Russia, Turkey step up as key players in Libya conflict as EU, U.S. practically sidelined
Turkey and Russia have emerged as the key players backing rival factions in Libya as the European Union, the United States and China have been effectively sidelined in the country’s conflict, Alternet said on Saturday.
While the United Arab Emirates (UAE), Saudi Arabia, Egypt, Russia, and Turkey have all made a play in the Libyan conflict, Alternet said, the Turkish and Russian presidents have assertively thrown their weight between opposing forces.
"Moscow and Ankara, fighting for influence, oil and a bigger Mediterranean footprint, have now also squared off in North Africa. Libya is the new theatre for both soldiers of fortune and modern imperial forces," it said.
"Two major fighting forces act as Turkish and Russian proxies," it said.
Libya has been split between the Government of National Accord (GNA), led by Fayez al-Sarraj in Tripoli and recognised by the U.N., and the Tobruk-based government, led by rebel general Khalifa Haftar, the de facto ruler of eastern Libya and head of his self-styled Libyan National Army (LNA) since 2014.
Haftar, who has been leading an assault to topple the GNA in Tripoli since April of last year, has received support from Egypt, the UAE, Jordan, Saudi Arabia and Russia, while Turkey and Qatar back the GNA.
"Both Russia and Turkey want to take advantage of a dysfunctional and shrinking European Union, a solipsistic America and a China focused on consolidating power in its own neighbourhood first," Alternet said.
Erdoğan has also recently set his sights on extending Turkish soft power in Africa with his expansionist visions of reviving the Ottoman Empire. Turkey has established high-level strategic cooperation councils, in addition to trade and economic partnerships with several countries across Africa.
"Turkey’s overarching motivation for more grounded relations with African nations can be attributed to mainly economic purposes. Africa has untapped natural resources that countries like Turkey would want to utilise for its manufacturing industries, and African governments with their higher rates of youth unemployment are interested in Turkey’s investment opportunities, infrastructure and job creation," Zakariya Hussein said in an article for Middle East Monitor on Saturday.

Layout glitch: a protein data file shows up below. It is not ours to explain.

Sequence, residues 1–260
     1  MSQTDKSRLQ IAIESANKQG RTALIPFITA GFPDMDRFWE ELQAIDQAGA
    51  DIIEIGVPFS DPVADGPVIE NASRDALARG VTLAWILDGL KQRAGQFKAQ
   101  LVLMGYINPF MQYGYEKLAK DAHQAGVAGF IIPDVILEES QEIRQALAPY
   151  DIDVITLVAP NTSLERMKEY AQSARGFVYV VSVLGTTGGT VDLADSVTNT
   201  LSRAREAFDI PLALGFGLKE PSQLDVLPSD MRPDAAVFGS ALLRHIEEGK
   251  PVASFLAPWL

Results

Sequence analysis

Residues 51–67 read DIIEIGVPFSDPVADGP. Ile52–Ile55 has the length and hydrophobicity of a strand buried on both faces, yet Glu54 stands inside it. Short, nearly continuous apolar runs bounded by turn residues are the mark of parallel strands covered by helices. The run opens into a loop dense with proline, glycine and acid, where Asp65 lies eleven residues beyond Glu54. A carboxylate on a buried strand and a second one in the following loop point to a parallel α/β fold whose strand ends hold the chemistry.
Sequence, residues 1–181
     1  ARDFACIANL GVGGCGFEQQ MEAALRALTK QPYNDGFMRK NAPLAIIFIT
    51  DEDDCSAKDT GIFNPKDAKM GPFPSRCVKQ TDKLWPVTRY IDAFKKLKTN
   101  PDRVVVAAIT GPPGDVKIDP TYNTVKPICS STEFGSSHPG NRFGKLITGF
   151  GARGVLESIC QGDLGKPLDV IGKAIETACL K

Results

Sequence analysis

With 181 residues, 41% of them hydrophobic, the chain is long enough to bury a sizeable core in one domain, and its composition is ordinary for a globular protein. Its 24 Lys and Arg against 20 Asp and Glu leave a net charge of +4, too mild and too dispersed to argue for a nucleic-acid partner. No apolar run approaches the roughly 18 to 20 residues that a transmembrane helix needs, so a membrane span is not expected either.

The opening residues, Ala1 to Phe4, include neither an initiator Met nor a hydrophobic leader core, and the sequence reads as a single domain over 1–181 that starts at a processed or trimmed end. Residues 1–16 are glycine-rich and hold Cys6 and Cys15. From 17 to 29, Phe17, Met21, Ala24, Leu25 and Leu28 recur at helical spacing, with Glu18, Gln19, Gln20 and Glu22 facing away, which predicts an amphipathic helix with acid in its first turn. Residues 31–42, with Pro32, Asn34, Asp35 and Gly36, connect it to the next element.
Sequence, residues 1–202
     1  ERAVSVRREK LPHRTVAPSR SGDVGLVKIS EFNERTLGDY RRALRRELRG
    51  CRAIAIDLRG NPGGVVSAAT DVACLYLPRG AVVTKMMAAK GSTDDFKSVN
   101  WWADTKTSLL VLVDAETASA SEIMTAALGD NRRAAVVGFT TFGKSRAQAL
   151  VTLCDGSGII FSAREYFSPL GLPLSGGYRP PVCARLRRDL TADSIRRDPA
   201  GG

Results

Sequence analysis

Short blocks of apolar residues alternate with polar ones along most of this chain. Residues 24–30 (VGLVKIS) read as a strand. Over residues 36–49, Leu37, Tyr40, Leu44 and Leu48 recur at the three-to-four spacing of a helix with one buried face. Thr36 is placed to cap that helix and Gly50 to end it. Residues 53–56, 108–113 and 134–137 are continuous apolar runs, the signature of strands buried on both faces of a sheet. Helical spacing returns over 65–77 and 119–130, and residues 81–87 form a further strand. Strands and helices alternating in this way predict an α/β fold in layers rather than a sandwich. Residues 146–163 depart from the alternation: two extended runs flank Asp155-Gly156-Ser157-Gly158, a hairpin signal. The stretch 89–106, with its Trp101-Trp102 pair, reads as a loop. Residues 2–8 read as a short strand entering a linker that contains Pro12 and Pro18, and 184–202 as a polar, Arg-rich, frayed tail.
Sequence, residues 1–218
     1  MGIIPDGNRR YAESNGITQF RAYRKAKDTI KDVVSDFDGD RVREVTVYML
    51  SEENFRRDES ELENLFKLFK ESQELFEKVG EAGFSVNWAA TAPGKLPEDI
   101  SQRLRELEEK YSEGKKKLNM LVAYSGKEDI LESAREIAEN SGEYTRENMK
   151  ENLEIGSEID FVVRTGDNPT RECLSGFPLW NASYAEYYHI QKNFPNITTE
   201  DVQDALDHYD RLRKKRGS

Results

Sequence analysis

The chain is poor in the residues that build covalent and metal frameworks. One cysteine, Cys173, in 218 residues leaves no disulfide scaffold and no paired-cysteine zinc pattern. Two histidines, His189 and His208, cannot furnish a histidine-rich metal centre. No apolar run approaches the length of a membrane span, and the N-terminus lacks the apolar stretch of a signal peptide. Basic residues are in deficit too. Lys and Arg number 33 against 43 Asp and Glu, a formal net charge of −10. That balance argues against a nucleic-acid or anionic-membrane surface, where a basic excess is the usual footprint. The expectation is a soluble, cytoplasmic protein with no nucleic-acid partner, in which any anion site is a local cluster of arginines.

Turkey has managed to avoid becoming embroiled in many of Africa’s political quagmires, as Ankara established diplomatic relations with 41 African countries, by focusing on direct aid, infrastructure and transportation projects, as well as mutually beneficial economic partnerships, Hussein said.
Meanwhile, Erdoğan's grab for influence in the eastern Mediterranean is also part of a drive to have a larger presence in the region vis-à-vis Ankara's rivals, he said.
“Now, of course, Libya is one of the key North African countries, and its relations amidst Turkey go back to centuries. But besides this, I think two main reasons add to the Turkish intervention: the first is related to the regional rivalry with the KSA (Kingdom of Saudi Arabia) – UAE – Egypt axis, who Turkey is at odds with. Whereas Turkey supports the UN-admitted government [headed] by al-Sarraj, the three countries back Haftar. And Turkey does not want to lose Libya (to) them,” Hussein quoted researcher and analyst Said Elhaj as saying.
The second reason behind Turkey's Libya intervention is related to energy security, according to Elhaj.
"Tukey is an energy-importing country and was excluded in many agreements that shaped the shares of the eastern Mediterranean countries of economic regions and thus natural gas fields," he said.